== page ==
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Application of Ethical Decision-Making Model

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TO: Beverly Wald, CIA


DATE: September 14, 2012

SUBJECT: Application of Ethical Decision-Making Model

As you requested, I have analyzed the ethical dilemma that faces the company as a result of Sammie Markowitcz's actions. His insubordination resulted in improper recording of capital expenditures as inventory, therefore overstating assets and understating expenses in our balance sheet and our income statement, respectively. Relying on this information Second Bankers Hours & Trust Co. extended a $20 million loan, for which we might not have qualified, if the financial statements were presented fairly. The mistake should be fully disclosed to the financial institution, to allow them to reevaluate the terms of the loan, or possibly void the loan agreement completely.

Despite the company's new policy, Markowitz disobeyed direct orders and made a purchase of 1,000 motors in the 4th quarter. To further complicate the situation, he convinced the plant accountant to record the $1.5 million expenditure as an operating expense to conceal his actions. According to accounting principles, if the expenditure improves or adds value to the business and has a useful life over 1 year, this expenditure should be capitalized. Instead, the motors were recorded as an operating expense and placed into inventory. According to ASC 330-10-05-2, "An inventory has financial significance because revenues may be obtained from its sale, or from the sale of the goods or services in the production of which it is used." Recording the transaction as an operating expense will result in inaccurate balance sheet and income statement, and significantly decreased capital expenditures from investing activities. Based on the erred financial statements I.M. TekStil Manufacturing was able to obtain the $20 million loan. Due to deficiencies in company's internal controls, these mistakes were not uncovered until several months later, during an internal audit.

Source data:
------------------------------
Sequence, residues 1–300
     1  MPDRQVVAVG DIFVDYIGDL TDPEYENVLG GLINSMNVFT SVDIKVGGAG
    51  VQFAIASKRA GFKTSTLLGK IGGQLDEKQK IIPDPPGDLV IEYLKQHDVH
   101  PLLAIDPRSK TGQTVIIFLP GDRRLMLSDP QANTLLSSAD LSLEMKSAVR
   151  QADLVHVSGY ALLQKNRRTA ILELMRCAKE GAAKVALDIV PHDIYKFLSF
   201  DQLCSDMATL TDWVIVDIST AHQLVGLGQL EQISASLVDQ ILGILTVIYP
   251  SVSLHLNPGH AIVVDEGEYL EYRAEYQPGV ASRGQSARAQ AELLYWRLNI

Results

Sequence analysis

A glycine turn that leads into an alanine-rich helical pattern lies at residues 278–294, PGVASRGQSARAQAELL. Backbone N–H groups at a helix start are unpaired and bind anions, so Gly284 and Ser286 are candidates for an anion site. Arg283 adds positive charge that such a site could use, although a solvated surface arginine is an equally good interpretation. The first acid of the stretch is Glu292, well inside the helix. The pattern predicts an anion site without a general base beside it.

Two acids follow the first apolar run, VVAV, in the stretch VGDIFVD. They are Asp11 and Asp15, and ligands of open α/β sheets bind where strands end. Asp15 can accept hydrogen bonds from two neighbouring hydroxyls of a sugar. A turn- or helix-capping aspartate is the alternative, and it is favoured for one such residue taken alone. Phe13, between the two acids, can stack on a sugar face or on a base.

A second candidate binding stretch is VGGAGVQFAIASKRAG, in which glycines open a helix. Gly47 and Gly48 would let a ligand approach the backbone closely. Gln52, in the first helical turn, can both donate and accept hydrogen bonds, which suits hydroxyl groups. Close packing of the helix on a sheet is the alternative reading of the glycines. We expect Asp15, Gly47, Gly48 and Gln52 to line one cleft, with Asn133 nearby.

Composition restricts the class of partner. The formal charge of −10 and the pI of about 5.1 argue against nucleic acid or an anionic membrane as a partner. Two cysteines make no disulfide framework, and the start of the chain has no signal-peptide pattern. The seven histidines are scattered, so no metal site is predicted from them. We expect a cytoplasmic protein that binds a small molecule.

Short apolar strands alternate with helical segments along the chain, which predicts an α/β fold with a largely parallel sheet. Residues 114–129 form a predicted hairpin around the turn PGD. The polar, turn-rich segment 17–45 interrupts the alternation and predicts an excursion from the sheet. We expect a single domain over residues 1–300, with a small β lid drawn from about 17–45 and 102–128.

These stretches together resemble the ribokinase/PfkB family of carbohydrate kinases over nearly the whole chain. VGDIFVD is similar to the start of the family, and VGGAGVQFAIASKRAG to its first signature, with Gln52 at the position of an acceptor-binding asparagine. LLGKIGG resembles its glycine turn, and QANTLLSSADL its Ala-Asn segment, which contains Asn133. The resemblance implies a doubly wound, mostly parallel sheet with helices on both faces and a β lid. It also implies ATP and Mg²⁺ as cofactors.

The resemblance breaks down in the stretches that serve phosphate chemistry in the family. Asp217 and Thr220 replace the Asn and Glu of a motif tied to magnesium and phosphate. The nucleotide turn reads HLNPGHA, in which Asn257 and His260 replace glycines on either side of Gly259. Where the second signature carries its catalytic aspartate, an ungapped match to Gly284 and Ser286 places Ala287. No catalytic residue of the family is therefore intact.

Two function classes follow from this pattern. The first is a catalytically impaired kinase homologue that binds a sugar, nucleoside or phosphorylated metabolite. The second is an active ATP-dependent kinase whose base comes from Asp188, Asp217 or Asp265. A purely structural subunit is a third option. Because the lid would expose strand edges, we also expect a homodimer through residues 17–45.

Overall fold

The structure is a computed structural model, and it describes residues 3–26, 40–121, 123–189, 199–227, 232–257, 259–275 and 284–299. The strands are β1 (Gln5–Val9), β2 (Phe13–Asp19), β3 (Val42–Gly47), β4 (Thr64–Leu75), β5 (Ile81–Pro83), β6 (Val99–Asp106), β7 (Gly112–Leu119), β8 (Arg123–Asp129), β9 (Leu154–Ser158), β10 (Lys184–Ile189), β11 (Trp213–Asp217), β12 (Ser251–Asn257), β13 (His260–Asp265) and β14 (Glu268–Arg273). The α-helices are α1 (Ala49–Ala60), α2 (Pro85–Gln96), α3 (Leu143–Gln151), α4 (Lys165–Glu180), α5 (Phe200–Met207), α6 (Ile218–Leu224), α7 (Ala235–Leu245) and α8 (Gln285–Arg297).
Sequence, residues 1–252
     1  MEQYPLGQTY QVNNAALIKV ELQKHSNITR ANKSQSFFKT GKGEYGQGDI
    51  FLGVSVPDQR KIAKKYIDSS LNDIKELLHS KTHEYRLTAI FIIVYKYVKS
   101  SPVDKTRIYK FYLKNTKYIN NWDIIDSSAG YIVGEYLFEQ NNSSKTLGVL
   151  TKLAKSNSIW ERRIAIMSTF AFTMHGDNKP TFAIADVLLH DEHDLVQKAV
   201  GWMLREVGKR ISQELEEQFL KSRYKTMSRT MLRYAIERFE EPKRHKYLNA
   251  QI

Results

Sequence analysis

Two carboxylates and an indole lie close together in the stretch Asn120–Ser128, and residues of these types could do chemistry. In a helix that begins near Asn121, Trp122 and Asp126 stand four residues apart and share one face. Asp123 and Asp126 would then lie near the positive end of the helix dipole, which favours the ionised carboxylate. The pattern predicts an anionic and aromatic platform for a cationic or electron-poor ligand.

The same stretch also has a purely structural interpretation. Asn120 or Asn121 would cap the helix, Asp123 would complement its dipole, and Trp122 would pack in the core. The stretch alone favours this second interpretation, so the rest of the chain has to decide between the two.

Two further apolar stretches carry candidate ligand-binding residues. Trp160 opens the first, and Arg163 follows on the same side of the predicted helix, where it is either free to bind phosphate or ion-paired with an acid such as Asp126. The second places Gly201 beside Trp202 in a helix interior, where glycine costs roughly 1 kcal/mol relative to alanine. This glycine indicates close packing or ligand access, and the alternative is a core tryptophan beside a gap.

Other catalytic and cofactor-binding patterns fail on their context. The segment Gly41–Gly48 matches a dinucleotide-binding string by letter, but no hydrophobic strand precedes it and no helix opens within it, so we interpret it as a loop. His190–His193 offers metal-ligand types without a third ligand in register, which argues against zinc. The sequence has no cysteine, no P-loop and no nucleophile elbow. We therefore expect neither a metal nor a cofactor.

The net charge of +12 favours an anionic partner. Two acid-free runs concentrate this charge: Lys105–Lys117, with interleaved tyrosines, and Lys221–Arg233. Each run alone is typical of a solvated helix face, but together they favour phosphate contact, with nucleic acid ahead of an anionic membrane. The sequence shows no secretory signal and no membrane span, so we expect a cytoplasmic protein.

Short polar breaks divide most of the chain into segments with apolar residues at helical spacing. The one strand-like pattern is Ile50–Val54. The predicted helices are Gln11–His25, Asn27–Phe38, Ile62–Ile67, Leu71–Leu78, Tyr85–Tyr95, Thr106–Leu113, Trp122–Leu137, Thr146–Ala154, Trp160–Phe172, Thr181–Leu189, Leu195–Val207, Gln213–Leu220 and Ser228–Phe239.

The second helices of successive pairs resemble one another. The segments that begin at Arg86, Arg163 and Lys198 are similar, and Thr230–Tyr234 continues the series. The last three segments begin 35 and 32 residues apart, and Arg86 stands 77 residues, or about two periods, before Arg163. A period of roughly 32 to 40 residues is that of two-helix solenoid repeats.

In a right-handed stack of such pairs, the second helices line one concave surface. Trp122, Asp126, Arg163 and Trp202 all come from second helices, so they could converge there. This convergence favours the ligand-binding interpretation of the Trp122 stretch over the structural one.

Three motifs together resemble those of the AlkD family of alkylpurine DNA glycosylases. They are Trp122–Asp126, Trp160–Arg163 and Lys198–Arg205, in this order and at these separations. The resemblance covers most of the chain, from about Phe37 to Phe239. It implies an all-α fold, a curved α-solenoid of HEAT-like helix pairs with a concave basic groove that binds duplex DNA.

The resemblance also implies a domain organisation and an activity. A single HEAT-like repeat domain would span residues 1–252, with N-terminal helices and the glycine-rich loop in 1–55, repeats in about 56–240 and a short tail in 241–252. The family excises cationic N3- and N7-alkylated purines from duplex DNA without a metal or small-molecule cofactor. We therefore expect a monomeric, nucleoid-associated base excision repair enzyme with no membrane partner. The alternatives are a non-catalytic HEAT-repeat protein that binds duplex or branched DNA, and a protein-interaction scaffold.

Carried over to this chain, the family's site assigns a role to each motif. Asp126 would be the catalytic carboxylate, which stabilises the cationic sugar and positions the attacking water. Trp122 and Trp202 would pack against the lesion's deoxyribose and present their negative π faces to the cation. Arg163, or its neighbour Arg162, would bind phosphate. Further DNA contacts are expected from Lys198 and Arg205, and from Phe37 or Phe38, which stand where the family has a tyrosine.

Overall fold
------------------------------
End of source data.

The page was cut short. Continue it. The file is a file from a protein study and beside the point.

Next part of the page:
Markowitz acted under teleological philosophy of utilitarianism. This philosophy states that one has to choose the course of action that provides the greatest benefit for the majority of stakeholders involved. Markowitcz would be considered act-utilitarian, which means he examined a specific action, rather than the general rules governing the actions, to assess whether it will result in the greatest benefit. Based on this philosophy Markowitz might justify his actions by stating that his primary responsibility, as a plant manager, is to ensure that the plant production process operated efficiently. Further he might justify his actions, by stating that he had saved the company $1.5 million by purchasing the motors on sale from an overseas supplier.

Markowitz did not follow the policy, and his defiance can be addressed internally, however his actions affected third parties. One of the major stakeholders in this situation is the financial institution, which has the right to make the credit decision based on accurate financial information. Another stakeholder is Irv Milton, the president and the face of the company, whose reputation will suffer,



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